Disability Studies Quarterly
Fall 2006, Volume 26, No. 4
Copyright 2006 by the Society
for Disability Studies

Economics of disability: An empirical study of disability and employment in the Bangladesh district of Chuadanga

Jahan Chowdhury
Senior Lecturer
Centre for International Development and Training (CIDT)
University of Wolverhampton, Telford Campus
Shifnal Road TF2 9NT
E-mail: Jahan.chowdhury@wlv.ac.uk


Dermot Foley
Teachers College
Columbia University
525 West 120th St.
New York, NY 10027


Depending on a range of social and economic factors, a person who is labeled with a disability and the household where s/he resides face transitions in their financial circumstances- changes that can topple their lives, depriving them of basic human necessities. In this study we examine these circumstances for households in the Chuadanga district in Bangladesh. The impact of being labeled with a disability varies across households and individuals. One objective of this study is to determine which groups are more adversely affected and why. The authors analyze transitions in the lifestyles of other household members, e.g., spouse or dependent parents, owing to labeling of a disability, in order to present the overall change in economic activity of the household. Emphasis is placed on exclusion from full-time paid employment, the burdens of complete caring responsibilities and related opportunity costs, and how compromises are made between employment and care responsibilities. Overall, the paper broadens the analysis from poverty and employment to other aspects of life, including economic responsibility, social participatory preoccupations or coping strategies influenced by being labeled with a disability. Based on this research, the authors find that even if the household is able to retain its previous earnings, increased expenditure resulting from the new situation reduces net earnings to an enormous extent. The labelling of a family member with a disability often hinders the economic well-being of the household. Therefore, the structure of the household should be of great concern when analyzing the impact of disability. All members of an affected household experience a change in their daily activities, be they other earners or dependents, like children, who forego education and may have to contribute to income as well. Having a spouse in these situations can serve as a blessing, as income-earning responsibilities can be shared, but the abrupt changes in quality of life often yield tension between the couple, arising from frustration and helplessness. Often, transitions following the onset of impairment of the main earner being labeled with a disability, result in intense poverty.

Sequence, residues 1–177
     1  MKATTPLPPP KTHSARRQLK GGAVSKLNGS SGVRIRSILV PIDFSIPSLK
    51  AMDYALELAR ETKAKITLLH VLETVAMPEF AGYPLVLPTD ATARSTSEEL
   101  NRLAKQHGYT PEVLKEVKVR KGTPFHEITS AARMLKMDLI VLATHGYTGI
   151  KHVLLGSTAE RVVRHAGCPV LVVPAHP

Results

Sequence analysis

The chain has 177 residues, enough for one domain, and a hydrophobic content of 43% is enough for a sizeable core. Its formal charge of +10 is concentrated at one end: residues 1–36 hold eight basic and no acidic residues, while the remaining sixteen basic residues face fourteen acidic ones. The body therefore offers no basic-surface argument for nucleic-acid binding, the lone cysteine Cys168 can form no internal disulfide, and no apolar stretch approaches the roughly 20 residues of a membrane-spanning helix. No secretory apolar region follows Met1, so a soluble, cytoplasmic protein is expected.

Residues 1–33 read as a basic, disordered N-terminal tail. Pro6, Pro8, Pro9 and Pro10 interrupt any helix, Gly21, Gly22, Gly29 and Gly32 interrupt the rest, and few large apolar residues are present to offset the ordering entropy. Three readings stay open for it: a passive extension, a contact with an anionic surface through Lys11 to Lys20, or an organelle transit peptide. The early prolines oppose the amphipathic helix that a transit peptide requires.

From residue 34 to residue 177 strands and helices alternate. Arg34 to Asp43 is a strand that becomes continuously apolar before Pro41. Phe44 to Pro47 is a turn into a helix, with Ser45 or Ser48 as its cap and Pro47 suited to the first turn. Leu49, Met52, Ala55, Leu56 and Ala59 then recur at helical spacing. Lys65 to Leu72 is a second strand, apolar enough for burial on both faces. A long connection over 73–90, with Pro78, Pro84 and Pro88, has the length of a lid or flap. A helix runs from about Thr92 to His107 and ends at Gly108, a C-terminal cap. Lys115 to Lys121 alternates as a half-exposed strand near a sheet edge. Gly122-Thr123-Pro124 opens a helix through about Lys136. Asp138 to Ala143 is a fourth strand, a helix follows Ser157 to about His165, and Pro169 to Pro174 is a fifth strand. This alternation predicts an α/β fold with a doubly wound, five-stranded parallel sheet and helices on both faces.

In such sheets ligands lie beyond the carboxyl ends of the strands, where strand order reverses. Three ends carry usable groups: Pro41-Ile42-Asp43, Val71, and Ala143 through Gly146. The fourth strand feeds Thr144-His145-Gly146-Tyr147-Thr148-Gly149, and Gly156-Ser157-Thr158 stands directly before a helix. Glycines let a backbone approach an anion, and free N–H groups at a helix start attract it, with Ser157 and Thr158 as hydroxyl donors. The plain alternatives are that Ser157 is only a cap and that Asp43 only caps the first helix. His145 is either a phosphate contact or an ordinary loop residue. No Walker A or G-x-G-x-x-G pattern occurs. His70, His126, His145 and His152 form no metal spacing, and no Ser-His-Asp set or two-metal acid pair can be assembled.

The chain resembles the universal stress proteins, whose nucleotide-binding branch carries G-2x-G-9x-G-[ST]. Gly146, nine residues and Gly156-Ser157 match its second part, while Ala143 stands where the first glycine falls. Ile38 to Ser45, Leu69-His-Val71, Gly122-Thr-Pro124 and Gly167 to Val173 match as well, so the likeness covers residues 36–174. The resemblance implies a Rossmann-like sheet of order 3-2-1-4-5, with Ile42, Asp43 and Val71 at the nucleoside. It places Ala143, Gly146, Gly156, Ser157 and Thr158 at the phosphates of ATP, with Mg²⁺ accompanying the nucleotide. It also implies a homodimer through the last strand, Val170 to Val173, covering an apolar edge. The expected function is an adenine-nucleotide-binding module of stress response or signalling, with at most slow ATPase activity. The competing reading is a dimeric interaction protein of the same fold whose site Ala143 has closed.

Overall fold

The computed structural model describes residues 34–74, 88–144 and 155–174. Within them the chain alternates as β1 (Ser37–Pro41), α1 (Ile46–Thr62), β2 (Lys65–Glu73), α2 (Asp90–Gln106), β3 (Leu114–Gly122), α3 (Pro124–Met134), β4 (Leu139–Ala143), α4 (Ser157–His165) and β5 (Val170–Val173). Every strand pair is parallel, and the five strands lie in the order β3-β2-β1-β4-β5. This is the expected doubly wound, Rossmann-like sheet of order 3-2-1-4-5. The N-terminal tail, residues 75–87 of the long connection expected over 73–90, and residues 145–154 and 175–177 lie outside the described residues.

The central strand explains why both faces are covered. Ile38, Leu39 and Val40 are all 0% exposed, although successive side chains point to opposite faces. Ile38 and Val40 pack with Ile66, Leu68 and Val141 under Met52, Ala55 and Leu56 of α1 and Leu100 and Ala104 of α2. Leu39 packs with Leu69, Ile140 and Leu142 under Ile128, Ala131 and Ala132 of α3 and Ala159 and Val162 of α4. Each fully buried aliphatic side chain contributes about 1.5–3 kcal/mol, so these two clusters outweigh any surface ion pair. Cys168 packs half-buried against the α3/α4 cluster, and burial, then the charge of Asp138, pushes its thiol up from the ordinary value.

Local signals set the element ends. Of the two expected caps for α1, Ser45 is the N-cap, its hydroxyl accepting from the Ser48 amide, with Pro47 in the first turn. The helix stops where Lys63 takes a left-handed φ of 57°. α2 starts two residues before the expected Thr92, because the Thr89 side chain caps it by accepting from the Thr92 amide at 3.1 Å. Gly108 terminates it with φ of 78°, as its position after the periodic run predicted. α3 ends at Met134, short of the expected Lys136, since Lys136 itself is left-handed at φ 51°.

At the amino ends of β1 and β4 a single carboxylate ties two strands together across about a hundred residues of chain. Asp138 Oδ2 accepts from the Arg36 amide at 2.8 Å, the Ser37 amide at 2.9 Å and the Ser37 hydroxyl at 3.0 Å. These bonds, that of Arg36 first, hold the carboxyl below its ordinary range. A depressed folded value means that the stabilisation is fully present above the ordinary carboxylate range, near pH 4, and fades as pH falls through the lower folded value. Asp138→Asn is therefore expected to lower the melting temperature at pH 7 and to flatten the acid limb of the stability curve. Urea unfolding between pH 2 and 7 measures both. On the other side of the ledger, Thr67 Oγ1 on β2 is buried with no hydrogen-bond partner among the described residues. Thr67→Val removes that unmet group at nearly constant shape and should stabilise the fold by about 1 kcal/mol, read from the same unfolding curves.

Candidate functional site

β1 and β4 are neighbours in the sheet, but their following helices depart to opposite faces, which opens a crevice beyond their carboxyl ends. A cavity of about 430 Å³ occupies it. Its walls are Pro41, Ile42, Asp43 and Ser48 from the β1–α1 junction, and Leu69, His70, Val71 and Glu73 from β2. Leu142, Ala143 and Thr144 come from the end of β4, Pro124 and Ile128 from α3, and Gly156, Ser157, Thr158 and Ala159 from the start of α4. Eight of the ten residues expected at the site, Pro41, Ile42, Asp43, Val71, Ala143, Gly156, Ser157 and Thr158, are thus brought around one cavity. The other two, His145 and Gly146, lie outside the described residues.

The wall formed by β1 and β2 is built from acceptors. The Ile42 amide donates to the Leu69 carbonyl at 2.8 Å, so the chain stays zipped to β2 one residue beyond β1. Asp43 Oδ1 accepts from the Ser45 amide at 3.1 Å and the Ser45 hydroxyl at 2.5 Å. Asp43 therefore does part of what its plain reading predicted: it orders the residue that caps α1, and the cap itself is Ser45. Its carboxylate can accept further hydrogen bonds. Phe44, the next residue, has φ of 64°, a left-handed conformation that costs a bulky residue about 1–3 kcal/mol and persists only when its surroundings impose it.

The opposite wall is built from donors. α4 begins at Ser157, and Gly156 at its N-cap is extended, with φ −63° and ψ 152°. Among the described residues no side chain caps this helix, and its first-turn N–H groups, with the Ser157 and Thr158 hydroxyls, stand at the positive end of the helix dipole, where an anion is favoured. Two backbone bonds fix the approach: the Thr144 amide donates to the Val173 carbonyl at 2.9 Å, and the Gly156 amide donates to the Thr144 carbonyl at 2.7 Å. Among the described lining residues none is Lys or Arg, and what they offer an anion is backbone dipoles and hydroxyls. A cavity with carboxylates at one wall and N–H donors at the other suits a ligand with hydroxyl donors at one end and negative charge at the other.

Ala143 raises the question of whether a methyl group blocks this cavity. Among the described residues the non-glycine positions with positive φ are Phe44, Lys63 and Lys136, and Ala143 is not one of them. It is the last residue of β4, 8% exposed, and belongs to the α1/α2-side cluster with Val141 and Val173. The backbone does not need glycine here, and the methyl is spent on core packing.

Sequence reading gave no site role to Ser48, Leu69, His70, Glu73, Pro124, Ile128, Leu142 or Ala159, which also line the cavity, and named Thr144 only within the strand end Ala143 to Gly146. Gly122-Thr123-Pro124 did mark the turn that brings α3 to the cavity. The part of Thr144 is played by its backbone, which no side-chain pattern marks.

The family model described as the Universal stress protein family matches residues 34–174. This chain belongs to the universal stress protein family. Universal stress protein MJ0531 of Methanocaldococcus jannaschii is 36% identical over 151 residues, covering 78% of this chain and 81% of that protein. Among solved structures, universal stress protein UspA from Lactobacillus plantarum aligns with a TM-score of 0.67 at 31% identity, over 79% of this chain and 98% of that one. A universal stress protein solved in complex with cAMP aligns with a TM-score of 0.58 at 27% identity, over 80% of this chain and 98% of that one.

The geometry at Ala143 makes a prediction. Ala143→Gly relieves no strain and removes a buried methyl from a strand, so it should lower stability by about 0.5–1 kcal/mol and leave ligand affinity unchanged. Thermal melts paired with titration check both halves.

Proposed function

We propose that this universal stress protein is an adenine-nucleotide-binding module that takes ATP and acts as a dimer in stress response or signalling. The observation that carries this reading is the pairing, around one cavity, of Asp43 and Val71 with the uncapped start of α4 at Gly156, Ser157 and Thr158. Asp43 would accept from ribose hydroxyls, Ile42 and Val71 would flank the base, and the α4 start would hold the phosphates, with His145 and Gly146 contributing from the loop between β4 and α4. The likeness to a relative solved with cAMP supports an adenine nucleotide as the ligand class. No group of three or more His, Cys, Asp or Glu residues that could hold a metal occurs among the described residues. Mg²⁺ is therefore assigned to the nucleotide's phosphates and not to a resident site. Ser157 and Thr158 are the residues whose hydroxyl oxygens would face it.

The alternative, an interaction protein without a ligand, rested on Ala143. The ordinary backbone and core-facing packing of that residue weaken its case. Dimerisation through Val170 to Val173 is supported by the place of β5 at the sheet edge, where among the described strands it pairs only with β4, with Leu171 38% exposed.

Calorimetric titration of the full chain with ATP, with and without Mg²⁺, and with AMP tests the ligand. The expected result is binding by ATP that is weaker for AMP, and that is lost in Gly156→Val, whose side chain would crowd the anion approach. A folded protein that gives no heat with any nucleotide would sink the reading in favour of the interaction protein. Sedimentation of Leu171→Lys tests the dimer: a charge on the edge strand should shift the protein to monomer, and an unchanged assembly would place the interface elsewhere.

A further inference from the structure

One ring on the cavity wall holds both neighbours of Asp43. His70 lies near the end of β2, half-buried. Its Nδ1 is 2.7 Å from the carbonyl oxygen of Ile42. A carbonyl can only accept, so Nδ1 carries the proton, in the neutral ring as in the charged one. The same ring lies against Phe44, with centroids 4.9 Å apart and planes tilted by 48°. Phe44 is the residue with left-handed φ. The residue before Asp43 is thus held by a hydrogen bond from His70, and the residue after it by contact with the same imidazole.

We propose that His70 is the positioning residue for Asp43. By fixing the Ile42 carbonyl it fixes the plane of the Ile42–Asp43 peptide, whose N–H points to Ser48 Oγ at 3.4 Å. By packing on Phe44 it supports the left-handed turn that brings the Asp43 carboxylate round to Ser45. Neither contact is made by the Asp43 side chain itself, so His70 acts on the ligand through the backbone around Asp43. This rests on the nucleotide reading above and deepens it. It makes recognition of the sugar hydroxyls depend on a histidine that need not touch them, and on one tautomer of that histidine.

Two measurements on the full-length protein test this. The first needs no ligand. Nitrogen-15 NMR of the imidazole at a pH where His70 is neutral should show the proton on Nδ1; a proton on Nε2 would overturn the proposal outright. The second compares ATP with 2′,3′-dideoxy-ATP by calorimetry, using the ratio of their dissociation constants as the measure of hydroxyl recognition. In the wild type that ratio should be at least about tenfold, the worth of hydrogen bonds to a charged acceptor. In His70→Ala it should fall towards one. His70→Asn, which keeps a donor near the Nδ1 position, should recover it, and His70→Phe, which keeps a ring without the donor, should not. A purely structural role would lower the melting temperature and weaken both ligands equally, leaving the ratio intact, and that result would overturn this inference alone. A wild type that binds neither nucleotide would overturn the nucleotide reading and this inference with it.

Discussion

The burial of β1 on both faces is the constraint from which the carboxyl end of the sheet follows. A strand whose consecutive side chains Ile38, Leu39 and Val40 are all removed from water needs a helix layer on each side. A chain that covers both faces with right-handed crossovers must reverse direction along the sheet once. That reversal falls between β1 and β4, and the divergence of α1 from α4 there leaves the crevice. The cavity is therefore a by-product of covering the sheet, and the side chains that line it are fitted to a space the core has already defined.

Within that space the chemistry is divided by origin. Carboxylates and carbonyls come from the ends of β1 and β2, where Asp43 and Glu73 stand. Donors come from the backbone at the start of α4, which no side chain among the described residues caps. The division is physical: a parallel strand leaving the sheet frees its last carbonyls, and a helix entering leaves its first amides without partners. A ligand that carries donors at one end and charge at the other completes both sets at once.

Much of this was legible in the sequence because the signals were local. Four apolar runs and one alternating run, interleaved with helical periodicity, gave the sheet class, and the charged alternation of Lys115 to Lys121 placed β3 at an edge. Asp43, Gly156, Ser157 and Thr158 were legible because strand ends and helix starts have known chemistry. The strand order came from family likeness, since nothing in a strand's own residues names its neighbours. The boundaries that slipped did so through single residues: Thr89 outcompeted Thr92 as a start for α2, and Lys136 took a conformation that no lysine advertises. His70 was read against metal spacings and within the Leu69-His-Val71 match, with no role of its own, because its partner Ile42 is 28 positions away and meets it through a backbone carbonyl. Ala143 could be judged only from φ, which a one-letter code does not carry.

Disability in Bangladesh, chronic poverty, exclusion of people with disabilities, Chuadanga district, economic impact of disability.

According to the United Nations (UN), one person in 20 could be labeled with one or more disabilities, and more than 75% of them live in developing countries (cited in DFID, 2000). Similarily, the World Bank estimates that people who could be labeled as disabled may account for as many as one in five of the world's poorest people (Elwan, 1999). Of the World Bank's estimated 1.3 billion people living on less than $1 per day, approximately 260 million of them could be labeled with a disability (Wolfensohn, 1997). Disability and poverty are often intertwined realities both directly and indirectly in the lives of the impoverished. They are both causes and consequences of each other.

Not only does disability lead to poverty through direct, indirect, and opportunity costs but households subject to poverty are much more exposed than others to disabling circumstances through lack of nutrition, little or no access to preventive and curative medical care, vulnerability to disease and a high risk of occupation- and environment-related accidents. These factors create extensive permutations and their presence "has a tremendous capacity to destroy the lives of people with impairments and to impose on their families burdens that are too crushing to bear" (Action, N., Secretary General, Rehabilitation International, in Shirley, 1983: 79, cited in Elwan, 1999).

For this study, being labeled with a disability refers to the process initiated by onset of illness or impairment. In part, our study focuses on the economic and social consequences that follow being labeled with a disability in the Chuadanga district of Bangladesh. We aim to illustrate the changes in net income of households with and without people who have been labeled with a disability. In this paper, households comprised of one or more members who have been labeled with a disability will be categorized as "affected" households and all others as "unaffected" households.

The study took place in Chuadanga, a district in Bangladesh that is approximately 300 kilometers southwest of the capital city, Dhaka. Bordering India, Chuadanga's inhabitants have only recently had access to development programs designed to address their high levels of poverty and isolation from the central parts of the country. Although in 1993 one of the very first non-governmental organizations (NGO) in Chuadanga, Impact Foundation Bangladesh (IFB), launched a charitable trust for people labeled with disabilities in Chuadanga, it remains a region that is largely ignored in terms of capital by development organizations relative to their commitments to districts of the West, South and even the impoverished northern regions of Bangladesh.